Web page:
How to Use Edible Flowers in Salads, Cocktails, and More

Normally, this is where we’d write something clever about April showers bringing May flowers, but honestly, we’re so entranced by the incredible array of edible blooms available at farmers’ markets these days that we can’t come up with suitable wordplay.

Instead, we’re just hungry: We’re gazing at these treasure troves of riotous colors and shapes– saffron petals bursting from knobbly centers; fat, foppish blossoms in vibrant crimson; long stems dripping with tawny blooms–and finding ourselves deeply curious about their distinctive flavors. I mean, we’ve eaten plenty of fried zucchini blossoms and the occasional sugared rose, but what to do with arugula flowers and Sichuan buttons?

We’ve rounded up a selection of 8 flowers that you can find at your local market or gourmet store right now, and we asked David Kinch, chef-owner of Manresa in Los Gatos, CA, and Dan Kluger, executive chef at ABC Kitchen in New York, to share their insights on cooking with each variety.

Nasturtiums

Scientific name: Tropaeolum

Flavor profile: Slight sweetness, pepper, spice, bitterness

Growing in an array of flirtatious hues, the exotic-looking nasturtium packs an equally vibrant flavor that starts out slightly sweet before developing into a peppery, spicy finish. It’s been Kluger’s favorite flower to work with, ever since a chef at Jean-Georges introduced him to a simple nasturtium vinaigrette made with shallots, vinegar, and oil poured over a halibut dish. “You get a little bitterness from it, which really works with the vinegar,” he says. “The flavor isn’t incredibly strong, but it kind of infuses the vinegar with that beautiful orange color and specks of flowers.”

Szechuan Buttons

Scientific name: Acmella oleracea

Flavor profile:Electric!

Known as “buzz buttons”, these sunny Brazilian buds can play tricks on unsuspecting eaters. The flavor quickly turns from an initial grassiness to, well, not a flavor at all: just pure, electric tingling akin to “licking a car battery,” as Kinch puts it. Kluger says, “We played around with them on a couple of dishes, but we found that, for our food, they’re too strong.” Although the flowers do impart a slight acidic taste, they’re more often used as an effect, for the sensations they induce–or as a home remedy for toothaches.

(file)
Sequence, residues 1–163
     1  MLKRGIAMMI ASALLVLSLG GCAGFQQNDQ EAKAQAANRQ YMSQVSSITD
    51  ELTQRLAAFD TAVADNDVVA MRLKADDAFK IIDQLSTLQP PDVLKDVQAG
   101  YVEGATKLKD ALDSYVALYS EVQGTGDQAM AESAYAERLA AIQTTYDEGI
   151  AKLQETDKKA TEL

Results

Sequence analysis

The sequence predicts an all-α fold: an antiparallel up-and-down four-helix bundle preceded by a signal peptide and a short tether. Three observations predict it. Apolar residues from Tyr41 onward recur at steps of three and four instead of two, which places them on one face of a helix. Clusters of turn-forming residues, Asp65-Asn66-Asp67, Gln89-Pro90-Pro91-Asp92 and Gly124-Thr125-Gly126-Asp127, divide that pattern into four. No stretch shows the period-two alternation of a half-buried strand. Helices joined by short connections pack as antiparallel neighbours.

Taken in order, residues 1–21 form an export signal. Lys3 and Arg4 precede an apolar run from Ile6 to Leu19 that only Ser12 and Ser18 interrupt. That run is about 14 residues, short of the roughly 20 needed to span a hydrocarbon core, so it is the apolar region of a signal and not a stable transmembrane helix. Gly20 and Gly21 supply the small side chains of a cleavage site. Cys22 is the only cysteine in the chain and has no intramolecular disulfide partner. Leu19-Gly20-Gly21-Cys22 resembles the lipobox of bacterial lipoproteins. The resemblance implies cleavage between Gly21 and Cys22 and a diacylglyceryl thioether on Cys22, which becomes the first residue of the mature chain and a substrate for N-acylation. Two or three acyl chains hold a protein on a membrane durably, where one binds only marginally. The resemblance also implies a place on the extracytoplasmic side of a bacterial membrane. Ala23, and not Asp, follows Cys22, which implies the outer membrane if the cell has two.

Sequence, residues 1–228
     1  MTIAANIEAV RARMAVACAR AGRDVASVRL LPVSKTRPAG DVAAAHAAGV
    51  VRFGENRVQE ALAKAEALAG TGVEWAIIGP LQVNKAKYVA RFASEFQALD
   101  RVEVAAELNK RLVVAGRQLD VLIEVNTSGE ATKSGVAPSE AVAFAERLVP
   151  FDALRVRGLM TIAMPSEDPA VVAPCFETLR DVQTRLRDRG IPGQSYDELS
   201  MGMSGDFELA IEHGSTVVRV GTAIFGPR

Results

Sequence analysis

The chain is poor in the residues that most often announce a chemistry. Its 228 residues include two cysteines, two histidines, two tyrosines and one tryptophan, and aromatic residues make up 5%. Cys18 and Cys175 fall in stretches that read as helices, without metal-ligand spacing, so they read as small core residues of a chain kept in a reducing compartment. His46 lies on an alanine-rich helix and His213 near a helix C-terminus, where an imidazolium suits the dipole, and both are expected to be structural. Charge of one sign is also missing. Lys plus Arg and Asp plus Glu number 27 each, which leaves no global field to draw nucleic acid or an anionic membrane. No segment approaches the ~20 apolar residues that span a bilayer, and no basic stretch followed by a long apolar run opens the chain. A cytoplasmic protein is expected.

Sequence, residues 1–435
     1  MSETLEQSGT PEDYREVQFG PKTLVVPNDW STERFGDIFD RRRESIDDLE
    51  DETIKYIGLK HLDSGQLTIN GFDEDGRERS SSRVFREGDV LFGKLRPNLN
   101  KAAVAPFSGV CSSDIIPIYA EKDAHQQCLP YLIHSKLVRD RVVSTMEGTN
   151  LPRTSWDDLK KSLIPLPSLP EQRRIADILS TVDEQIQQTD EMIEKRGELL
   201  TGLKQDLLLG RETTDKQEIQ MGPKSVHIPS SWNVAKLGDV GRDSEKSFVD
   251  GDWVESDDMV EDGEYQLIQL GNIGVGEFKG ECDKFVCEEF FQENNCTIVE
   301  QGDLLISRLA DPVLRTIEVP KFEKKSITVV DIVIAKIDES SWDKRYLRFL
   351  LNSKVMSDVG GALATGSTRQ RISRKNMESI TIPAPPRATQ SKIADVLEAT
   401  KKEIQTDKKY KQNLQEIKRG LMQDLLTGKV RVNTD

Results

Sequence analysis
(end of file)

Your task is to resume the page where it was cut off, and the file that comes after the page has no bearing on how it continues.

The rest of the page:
Mustard Flowers

Scientific name: Of the Brassicaceae family

Flavor profile: Spice, bitterness, mustard

With a flavor and texture similar to broccoli rabe, mustard florets are an approachable gateway bud for those first experimenting with edible flowers. Use them whenever you want to zest up a dish with some, well, mustard notes. “They add a nice bitterness and punch without adding a vinaigrette,” Kluger explains. “Right now, we do an asparagus salad with a mustard vinaigrette, and I think sprinkling those in and making the vinaigrette less mustard-y would complement the salad really well.” Plus, they look really pretty.

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How to Use Edible Flowers in Salads, Cocktails, and More